The first reconnection occurs between the emerging flux rope (small blue field lines) and a set of large-scale arcade field lines (large red field lines) that is located on the left-hand side of the emerging bipole. Note that the reconnection launches a torsional MHD wave that propagates along the reconnected arcades (large blue field lines), since the reconnection transfers twist from the emerging rope into the coronal arcades. The reconnections results in the formation of small sheared loop system on the left-hand side of the emerging flux (small red field lines). The shear arises from the twist in the emerging flux rope. The upcoming field lines successively change their orientation during the emergence, which results in a sucessive displacement of the footpoints of the newly reconnected field lines towards the right-hand side of the flux rope.

The second reconnection occurs when the newly formed loops meet the remote arcade fields (large pink field lines), and yields the formation of a second loop system on the opposite side of the emerging flux (small pink field lines). This is an effect not yet seen in similar simulations. It occurs since the emerging flux is sufficiently twisted, i.e., the field line orientation changes along its cross-section. As the rope emerges, the appearing field lines are first oriented essentially antiparallel to the (red) arcade field lines on the left-hand side of the rope, hence these flux systems reconnect first. As the emergence proceeds, the changing orientation of the upcoming flux rope field lines successively displaces the footpoints of the newly reconnected small red field lines towards the pink arcade field lines on the right-hand side of the rope, until these two flux systems meet and start to reconnect.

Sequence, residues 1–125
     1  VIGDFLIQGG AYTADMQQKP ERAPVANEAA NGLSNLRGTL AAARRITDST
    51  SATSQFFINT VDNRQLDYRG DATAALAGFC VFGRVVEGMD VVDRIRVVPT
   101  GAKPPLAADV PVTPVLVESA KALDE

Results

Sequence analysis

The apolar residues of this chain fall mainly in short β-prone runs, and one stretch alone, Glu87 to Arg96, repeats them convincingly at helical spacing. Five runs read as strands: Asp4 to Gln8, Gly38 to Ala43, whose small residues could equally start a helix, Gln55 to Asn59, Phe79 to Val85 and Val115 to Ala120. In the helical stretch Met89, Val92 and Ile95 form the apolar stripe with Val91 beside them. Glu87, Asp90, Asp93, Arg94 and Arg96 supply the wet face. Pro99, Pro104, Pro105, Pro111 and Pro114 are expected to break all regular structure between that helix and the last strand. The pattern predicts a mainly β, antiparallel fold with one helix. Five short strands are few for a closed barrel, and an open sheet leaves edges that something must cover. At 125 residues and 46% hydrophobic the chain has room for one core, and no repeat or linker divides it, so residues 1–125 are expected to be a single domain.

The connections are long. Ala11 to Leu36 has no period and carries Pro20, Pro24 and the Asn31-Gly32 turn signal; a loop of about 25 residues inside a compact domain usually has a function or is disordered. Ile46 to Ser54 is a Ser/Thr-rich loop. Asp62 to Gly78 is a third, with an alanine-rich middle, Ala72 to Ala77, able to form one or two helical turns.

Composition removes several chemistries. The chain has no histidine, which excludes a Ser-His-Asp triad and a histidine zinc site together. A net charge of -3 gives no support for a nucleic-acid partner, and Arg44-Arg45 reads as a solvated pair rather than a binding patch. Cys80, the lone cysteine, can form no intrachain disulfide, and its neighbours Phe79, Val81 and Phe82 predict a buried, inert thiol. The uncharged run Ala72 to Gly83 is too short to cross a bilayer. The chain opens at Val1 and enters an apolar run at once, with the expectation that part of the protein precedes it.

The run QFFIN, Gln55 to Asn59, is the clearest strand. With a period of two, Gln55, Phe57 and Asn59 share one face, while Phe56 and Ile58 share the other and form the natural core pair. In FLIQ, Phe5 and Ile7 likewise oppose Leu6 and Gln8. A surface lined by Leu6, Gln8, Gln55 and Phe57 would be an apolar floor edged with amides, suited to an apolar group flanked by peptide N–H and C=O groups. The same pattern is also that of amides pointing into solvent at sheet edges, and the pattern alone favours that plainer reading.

Figure 2 shows a comparison of the XRT observation with magnetic field lines which are involved in the just described reconnections. Although no thermodynamics is included in the simulation, it can be assumed that field lines involved in the reconnection processes become heated and would hence show up in EUv and soft X-ray emission, which renders such a comparison reasonable. It can be seen that nature and timing of the features that occur in the simulation do qualititatively reproduce those observed by XRT in the particular event studied here.

Figure 3 displays the topological evolution of the system. It can be seen that, after the two reconnection events have occured, the two new loop systems collectively display an anenome pattern (located below the fan surface). The flux that surrounds the inner spine field line of the nullpoint retains a fraction of the emerged twist, while the remaining twist is evacuated along the reconnected arcades. The two-step reconnection process found in our simulation therefore suggests a new consistent and generic model for the formation of anemone regions in the solar corona.

This work has been published in the Astropysical Journal, see: Török et al. (2009)
@   T. Török, L. Van Driel, G. Valori, J.-M. Malherbe (Obs Paris) in collaboration with KU Leuven, HVAR, UNIGRAZ, UGOE Service Internet Graphisme et Animation du Lesia / web design service of Lesia (ObsParis)